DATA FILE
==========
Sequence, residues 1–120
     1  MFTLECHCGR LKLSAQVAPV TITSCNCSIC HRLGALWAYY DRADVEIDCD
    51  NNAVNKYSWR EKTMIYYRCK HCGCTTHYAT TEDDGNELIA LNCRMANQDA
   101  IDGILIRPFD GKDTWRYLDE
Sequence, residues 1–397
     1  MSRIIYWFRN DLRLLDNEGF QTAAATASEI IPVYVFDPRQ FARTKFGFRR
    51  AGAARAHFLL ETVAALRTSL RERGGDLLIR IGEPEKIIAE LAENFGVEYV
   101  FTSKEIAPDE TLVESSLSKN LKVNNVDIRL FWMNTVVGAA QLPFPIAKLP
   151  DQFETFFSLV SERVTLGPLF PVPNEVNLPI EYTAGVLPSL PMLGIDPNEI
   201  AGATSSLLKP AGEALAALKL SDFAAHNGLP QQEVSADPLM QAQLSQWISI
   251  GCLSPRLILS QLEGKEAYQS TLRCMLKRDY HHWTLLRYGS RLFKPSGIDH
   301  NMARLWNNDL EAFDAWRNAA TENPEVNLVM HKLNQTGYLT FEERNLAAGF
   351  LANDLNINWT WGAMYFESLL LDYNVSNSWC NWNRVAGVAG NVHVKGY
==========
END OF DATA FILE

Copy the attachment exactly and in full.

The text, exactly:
Sequence, residues 1–120
     1  MFTLECHCGR LKLSAQVAPV TITSCNCSIC HRLGALWAYY DRADVEIDCD
    51  NNAVNKYSWR EKTMIYYRCK HCGCTTHYAT TEDDGNELIA LNCRMANQDA
   101  IDGILIRPFD GKDTWRYLDE
Sequence, residues 1–397
     1  MSRIIYWFRN DLRLLDNEGF QTAAATASEI IPVYVFDPRQ FARTKFGFRR
    51  AGAARAHFLL ETVAALRTSL RERGGDLLIR IGEPEKIIAE LAENFGVEYV
   101  FTSKEIAPDE TLVESSLSKN LKVNNVDIRL FWMNTVVGAA QLPFPIAKLP
   151  DQFETFFSLV SERVTLGPLF PVPNEVNLPI EYTAGVLPSL PMLGIDPNEI
   201  AGATSSLLKP AGEALAALKL SDFAAHNGLP QQEVSADPLM QAQLSQWISI
   251  GCLSPRLILS QLEGKEAYQS TLRCMLKRDY HHWTLLRYGS RLFKPSGIDH
   301  NMARLWNNDL EAFDAWRNAA TENPEVNLVM HKLNQTGYLT FEERNLAAGF
   351  LANDLNINWT WGAMYFESLL LDYNVSNSWC NWNRVAGVAG NVHVKGY